A Peek at a Chickadee Nest

The baby chickadees have fledged. I suddenly realized I should probably clean out the nest box.

This is my first experience hosting a bird nest! I watched the Black-Capped Chickadees build their nest in my birdhouse. I watched as the adults flew to the box with something in their mouths. I assumed they were nest building. I left mounds of cat fur for them and apparently, they used it.

Weeks went by, as I watched the adults flying to and fro. After a while, I realized I hadn’t seen any activity coming and going from the birdhouse and wondered whether I had missed the young fledge. I watched and listened in my yard for baby birds. Sure enough, I began to hear what sounded like baby chickadees begging. It’s not hard to distinguish the sounds of the young from adults. They were still close to home!

It was then that I wondered whether the pair would have a second clutch. I did a little research and learned that it was possible, but not certain, and that if they were to start another nest, it could be pretty soon. So I decided to clean out the birdhouse.

I was eager to see the nest. I carefully removed the back door and peered inside. It was not what I was expecting. For some reason, I was expecting to find the standard round nest, a perfect circle. But instead, there was a thick bed of moss, lined with bits of fluff and fur. This is typical chickadee nest material. What a plush, comforting, supportive bed for eggs and chicks!

I lifted the nest out and took some photos.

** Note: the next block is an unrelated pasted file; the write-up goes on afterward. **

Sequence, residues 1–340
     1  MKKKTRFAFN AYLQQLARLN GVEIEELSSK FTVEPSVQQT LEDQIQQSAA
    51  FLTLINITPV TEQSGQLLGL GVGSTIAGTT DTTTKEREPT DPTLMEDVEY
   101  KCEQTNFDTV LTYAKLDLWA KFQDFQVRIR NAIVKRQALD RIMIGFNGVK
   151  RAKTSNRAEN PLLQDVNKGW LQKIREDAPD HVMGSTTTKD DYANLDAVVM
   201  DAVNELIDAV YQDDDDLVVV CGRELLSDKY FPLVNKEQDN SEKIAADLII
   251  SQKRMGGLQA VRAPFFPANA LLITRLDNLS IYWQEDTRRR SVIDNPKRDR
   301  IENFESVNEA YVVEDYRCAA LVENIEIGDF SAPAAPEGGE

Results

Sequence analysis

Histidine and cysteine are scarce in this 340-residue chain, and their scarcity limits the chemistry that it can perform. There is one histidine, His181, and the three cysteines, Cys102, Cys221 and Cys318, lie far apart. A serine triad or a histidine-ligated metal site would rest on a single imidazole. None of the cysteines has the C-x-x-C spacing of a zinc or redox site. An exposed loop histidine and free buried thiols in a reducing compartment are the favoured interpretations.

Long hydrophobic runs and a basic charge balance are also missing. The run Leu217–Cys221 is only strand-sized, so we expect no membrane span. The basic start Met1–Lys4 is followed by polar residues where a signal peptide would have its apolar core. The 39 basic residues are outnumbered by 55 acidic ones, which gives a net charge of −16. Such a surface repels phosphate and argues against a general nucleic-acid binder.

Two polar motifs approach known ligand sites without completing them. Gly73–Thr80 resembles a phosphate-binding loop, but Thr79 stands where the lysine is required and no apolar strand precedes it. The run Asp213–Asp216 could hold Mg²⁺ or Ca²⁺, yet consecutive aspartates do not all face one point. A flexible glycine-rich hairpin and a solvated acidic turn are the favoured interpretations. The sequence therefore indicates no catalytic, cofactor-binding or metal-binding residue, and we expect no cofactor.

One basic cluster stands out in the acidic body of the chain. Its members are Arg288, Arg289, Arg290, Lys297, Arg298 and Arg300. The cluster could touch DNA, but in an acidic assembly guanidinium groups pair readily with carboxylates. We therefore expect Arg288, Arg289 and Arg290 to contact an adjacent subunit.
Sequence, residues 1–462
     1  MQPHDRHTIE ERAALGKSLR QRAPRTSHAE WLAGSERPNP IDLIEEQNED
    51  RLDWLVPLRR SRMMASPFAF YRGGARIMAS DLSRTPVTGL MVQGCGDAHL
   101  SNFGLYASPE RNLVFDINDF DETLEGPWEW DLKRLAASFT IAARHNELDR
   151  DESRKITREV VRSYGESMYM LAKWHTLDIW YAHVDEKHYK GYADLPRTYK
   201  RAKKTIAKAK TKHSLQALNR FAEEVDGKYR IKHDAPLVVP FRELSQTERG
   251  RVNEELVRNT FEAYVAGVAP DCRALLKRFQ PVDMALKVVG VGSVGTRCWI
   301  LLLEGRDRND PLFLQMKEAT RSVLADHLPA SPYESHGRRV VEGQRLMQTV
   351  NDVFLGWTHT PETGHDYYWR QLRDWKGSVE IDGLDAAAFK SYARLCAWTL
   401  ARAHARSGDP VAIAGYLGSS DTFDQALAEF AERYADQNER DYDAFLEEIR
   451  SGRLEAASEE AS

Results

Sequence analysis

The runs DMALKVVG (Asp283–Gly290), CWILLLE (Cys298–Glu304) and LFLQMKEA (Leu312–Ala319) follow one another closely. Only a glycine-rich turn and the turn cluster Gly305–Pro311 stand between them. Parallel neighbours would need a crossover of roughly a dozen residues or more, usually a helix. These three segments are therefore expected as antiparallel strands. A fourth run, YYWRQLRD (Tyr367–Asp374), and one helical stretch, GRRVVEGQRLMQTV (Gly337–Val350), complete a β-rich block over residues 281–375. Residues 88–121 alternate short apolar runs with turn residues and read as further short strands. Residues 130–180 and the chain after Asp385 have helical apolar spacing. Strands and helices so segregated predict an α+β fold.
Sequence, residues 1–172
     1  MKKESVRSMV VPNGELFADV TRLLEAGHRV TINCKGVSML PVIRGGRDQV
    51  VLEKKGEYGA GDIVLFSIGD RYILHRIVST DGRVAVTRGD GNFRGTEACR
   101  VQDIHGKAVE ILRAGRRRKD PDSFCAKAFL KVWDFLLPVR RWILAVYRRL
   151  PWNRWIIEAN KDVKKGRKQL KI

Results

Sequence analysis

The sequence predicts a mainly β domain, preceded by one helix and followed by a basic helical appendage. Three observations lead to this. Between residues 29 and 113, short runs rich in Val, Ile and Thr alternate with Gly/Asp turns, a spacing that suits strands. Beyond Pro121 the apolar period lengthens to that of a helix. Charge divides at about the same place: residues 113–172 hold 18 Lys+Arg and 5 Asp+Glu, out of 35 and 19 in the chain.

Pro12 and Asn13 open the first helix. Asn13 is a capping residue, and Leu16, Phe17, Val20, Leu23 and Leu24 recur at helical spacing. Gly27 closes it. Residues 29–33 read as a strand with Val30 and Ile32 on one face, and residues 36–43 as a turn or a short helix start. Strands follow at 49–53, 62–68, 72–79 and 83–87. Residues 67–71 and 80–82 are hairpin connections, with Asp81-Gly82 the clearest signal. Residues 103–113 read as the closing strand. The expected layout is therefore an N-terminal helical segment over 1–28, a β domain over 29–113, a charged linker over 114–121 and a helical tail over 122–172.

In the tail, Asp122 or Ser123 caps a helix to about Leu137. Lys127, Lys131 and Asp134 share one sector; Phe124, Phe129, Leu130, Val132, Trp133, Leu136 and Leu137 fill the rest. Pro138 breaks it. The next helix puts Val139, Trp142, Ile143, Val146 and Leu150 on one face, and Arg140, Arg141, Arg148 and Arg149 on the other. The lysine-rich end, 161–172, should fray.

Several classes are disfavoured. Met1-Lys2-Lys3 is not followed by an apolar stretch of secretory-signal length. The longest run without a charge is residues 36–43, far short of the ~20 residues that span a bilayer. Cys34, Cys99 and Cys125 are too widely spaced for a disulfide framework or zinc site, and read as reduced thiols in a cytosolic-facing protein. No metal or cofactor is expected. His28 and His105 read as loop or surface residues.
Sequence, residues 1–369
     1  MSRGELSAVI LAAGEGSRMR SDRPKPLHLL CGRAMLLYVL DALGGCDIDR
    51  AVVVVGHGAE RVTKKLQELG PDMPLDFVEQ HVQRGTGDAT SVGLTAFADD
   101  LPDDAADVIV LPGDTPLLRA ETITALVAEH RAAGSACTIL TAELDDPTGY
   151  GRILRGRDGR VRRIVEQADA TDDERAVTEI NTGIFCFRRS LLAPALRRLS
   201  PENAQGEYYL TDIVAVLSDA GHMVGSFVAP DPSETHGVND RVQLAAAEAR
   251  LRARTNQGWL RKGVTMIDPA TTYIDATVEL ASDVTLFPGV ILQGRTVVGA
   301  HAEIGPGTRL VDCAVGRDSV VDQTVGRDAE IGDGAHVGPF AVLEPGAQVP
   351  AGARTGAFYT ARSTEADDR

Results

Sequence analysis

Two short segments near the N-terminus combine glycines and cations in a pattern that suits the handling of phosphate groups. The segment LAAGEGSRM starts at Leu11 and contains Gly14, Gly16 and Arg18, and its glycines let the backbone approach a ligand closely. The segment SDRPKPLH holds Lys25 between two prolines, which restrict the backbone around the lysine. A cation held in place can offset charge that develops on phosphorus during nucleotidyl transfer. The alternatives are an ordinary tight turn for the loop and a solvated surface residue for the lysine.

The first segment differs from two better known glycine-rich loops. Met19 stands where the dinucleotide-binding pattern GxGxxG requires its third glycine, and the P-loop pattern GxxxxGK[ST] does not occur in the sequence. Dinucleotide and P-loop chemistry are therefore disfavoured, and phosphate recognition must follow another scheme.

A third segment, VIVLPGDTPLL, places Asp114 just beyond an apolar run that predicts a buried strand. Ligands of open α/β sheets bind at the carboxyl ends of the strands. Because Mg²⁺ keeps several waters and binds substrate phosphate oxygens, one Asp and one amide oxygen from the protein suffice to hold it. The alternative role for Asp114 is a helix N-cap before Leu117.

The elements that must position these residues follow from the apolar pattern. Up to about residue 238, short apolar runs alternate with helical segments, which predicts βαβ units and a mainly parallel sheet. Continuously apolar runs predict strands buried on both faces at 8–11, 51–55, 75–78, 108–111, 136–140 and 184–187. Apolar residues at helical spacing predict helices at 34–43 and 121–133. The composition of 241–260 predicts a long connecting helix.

chhick nestDSC_0427chick nestDSC_0429chicknestchick nestDSC_0430

The Giving Tree

DSC_0181About this time of year, I start to notice the activity around my neighbor’s large cherry tree. Some of its branches arch over my backyard, though not low enough to pick any of the fruits now. I have tasted a few in the past and they aren’t bad.

This is a tree of many gifts. In the spring it graces us with its soft pink blossoms that have the effect of making the tree glow. After a couple weeks the petals loosen their grip and float on the air like pink snow.

Months later, after the tree has become a uniform shade of green, its true destiny begins to emerge. Tiny green fruits appear with the promise of a summer bounty. Weeks later, they slowly transform from green to a yellowish pink and pale reddish. During this time, I watch the ripening progress, knowing what is to come.

DSC_0182Then one day, some berries are fully red. Several years ago, I stood on my deck and watched a raccoon, at eye level, happily munch away on the cherries. This year I’ve seen no raccoon, but now that the fruit is ripe, the birds are wasting no time.

Robins fly into the tree and grab cherries, swallowing them whole. I’ve seen Cedar Waxwings do the same with Oregon grapes. How astonishing that a tiny mouth can open far enough to take in the berry, and then, even more astonishing, swallow it whole! It’s akin to a person swallowing a football! The cherries, however, are not as huge as the Oregon grapes.

DSC_0210 - CopyDSC_0214 - CopyAll gone!All gone!

Chickadees, Black-Capped and Chestnut-Backed, peck away at the fruits. I’ve also seen House Finches and House Sparrows partaking of the free repast. But the Steller Blue Jays, with their huge bills, don’t appear to eat the cherries. I would think they, of all the birds, would be devouring more than anyone else. We have hoards of the great, raucous birds.

Black-capped Chickadee
Black-capped Chickadee

I would also think woodpeckers would like the fruit. I once observed a Pileated Woodpecker in Maryland that was perched amusingly on a small spicebush shrub, eating its dark ripe berries. But I have seen no woodpeckers in the cherry tree.

When all the cherries have been eaten, I wonder what the next adventure will be for the birds.